Shared widely on Facebook, posts make the primary claim that COVID-19 is not a disease of the lungs and should be treated with chloroquine, zinc or homeopathic remedies rather than putting patients on ventilators ( here ; here ).
This claim is false. Authorities including the U.S. Centers for Disease Control and Prevention (CDC) and Johns Hopkins medicine describe COVID-19, the illness caused by the new coronavirus, as a respiratory disease ( here and here ).
There is no evidence for the efficacy of the “treatments” recommended in the posts.
However, the posts, which call COVID-19 a blood disease, may be partly correct in saying it attacks red blood cells.
At a World Health Organization (WHO) news conference on April 20, Dr. Michael Ryan, Executive Director, WHO Health Emergencies Program, was asked by a journalist about an unspecified news report suggesting that “rather than the virus weakening the lungs as had been thought, growing evidence suggests that the virus is actually stripping red blood cells of their oxygen, giving the appearance of lung failure and forcing the lungs to work harder so without oxygen the body is effectively being starved of energy and dying”.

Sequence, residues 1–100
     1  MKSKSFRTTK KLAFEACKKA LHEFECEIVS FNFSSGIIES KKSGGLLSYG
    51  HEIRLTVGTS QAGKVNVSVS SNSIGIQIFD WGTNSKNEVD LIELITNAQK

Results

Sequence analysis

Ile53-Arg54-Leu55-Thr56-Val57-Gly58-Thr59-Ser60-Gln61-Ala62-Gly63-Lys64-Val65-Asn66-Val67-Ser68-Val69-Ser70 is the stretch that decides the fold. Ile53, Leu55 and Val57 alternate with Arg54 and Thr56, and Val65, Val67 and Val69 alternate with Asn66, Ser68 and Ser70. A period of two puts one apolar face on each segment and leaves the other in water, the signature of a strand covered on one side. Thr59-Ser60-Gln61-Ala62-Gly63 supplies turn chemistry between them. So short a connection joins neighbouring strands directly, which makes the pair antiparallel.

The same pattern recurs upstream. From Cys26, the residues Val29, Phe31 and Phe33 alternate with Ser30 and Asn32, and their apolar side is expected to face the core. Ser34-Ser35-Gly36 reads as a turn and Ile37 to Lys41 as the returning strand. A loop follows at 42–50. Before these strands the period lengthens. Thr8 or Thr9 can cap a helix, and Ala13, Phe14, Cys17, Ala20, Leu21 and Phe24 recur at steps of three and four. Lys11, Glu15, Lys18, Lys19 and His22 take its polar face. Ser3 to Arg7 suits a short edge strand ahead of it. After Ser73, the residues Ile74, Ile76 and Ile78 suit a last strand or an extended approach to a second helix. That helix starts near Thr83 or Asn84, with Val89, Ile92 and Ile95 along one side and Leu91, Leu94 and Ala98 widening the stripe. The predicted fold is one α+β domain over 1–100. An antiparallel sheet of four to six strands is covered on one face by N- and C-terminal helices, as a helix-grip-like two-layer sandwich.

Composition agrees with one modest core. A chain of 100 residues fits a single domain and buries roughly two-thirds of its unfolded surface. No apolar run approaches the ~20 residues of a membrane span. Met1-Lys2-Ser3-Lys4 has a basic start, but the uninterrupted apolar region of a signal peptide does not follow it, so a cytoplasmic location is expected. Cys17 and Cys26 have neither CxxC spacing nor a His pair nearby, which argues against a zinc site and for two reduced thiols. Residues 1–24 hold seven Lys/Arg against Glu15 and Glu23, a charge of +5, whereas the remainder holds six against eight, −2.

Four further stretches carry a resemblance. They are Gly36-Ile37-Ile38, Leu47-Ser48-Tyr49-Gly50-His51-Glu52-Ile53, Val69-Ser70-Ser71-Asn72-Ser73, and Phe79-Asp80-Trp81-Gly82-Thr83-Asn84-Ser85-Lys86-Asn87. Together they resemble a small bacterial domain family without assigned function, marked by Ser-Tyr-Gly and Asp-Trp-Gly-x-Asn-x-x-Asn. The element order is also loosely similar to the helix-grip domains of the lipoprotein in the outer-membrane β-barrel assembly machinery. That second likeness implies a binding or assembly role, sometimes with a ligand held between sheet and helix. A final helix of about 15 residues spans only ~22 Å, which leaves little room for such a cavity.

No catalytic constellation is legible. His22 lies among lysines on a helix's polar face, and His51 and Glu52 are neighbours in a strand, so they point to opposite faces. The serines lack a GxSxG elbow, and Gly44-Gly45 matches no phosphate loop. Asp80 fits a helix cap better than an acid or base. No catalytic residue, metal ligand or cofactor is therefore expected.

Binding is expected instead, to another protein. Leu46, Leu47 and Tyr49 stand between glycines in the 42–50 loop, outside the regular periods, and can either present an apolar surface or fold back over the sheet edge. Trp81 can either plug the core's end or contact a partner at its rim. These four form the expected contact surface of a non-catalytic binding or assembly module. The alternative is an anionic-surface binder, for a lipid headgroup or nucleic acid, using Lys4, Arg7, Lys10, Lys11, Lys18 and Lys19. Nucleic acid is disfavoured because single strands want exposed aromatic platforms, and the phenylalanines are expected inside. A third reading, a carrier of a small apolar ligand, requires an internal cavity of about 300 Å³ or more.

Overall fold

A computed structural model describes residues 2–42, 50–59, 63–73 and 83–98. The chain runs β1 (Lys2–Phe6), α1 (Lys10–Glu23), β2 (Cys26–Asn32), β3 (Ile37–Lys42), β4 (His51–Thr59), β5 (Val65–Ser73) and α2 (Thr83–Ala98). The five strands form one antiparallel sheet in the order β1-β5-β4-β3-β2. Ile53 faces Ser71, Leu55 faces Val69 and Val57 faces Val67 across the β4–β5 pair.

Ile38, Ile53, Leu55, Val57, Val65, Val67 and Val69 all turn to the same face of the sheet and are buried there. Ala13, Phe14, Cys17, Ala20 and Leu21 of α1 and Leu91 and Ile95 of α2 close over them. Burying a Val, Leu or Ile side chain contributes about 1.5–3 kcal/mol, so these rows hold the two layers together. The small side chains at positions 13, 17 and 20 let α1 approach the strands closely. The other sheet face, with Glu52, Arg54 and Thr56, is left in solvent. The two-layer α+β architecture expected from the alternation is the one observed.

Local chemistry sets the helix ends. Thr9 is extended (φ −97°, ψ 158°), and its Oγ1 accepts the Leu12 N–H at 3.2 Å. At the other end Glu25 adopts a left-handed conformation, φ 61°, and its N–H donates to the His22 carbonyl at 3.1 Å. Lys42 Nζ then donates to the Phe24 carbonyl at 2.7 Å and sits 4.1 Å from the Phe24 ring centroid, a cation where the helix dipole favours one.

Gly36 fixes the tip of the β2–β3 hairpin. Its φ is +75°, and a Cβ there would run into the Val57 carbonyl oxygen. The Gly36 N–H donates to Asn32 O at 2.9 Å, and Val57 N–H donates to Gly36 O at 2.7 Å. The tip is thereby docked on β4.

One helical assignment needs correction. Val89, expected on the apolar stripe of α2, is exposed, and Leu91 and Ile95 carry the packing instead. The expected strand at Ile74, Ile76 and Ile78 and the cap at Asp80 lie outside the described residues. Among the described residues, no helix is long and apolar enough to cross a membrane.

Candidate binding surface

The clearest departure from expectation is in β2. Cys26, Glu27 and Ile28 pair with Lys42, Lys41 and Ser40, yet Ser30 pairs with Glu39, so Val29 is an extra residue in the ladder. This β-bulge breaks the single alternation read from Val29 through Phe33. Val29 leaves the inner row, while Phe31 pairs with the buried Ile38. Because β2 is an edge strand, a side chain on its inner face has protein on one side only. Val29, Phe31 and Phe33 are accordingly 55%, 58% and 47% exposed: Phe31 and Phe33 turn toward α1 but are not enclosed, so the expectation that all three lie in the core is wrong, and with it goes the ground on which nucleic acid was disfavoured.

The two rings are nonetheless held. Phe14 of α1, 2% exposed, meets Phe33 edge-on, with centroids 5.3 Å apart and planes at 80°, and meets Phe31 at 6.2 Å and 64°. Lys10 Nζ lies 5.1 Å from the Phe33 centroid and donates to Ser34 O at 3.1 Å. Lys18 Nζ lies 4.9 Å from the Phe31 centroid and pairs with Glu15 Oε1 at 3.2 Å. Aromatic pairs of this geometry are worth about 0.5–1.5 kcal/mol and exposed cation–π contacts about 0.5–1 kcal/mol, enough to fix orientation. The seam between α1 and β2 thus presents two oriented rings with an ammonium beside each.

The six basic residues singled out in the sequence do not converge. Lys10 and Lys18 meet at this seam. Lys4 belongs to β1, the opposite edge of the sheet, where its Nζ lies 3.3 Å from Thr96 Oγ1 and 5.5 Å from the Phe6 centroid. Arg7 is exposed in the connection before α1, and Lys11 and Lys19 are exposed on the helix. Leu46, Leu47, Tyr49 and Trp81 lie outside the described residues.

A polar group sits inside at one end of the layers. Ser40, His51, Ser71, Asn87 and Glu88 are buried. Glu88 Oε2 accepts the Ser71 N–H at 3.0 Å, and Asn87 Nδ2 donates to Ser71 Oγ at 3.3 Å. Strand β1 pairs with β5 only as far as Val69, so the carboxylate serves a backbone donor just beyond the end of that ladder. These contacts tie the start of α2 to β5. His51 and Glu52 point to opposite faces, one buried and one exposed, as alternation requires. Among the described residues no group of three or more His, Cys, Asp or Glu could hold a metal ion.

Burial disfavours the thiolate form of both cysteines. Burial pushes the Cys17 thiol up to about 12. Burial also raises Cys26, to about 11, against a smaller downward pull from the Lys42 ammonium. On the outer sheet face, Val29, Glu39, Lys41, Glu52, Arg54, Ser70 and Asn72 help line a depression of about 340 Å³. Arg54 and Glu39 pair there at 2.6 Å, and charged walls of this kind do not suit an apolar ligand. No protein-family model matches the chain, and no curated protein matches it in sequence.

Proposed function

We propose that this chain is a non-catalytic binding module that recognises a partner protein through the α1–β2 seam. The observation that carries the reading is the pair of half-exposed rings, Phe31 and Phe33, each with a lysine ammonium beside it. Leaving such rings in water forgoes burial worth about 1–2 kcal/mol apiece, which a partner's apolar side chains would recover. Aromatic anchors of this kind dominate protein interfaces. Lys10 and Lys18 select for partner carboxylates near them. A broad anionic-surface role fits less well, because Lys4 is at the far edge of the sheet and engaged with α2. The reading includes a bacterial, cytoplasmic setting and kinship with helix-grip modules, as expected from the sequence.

Ryan replied: “Yes, I believe it's likely that both processes are occurring. There's certainly no question that there's a direct impact on lung tissue from the virus itself but there is this observation of rapid desaturation or rapid loss of oxygen in the blood and we've seen many, many reports of this. Clearly there are multiple physiologic or pathological pathways in action here. It's not just the lungs; there are many other organs that are affected and I think it's a dynamic issue.” ( here ).
The claim in the first post that COVID-19 “isn’t pneumonia” is misleading, as pneumonia, “an infection that inflames the air sacs in one or both lungs,” is a complication of COVID-19 ( here; here ). As stated by the National Center for Health Statistics (NCHS), a division of the CDC, “a preliminary analysis indicates that approximately half of the deaths with COVID-19 listed as a cause of death also include pneumonia as a cause of death” ( see pages 7 and 8 here ).
The posts' recommendations to use chloroquine, tonic water and/or zinc or homeopathic remedies to repel or treat COVID-19 are unfounded. No proven cure has yet been found for the illness, though various trials are under way ( here ).
According to guidance from the CDC as of April 17, “hydroxychloroquine and chloroquine are under investigation in clinical trials for pre-exposure or post-exposure prophylaxis of SARS-CoV-2 infection, and treatment of patients with mild, moderate, and severe COVID-19” ( here ).
The Reuters Fact Check Team has previously debunked the claim that tonic water and zinc can treat COVID-19 ( here ).
Partly false: COVID-19 does attack the lungs and there is no proven treatment for it.
This article was produced by the Reuters Fact Check team. Read more about our fact checking work here .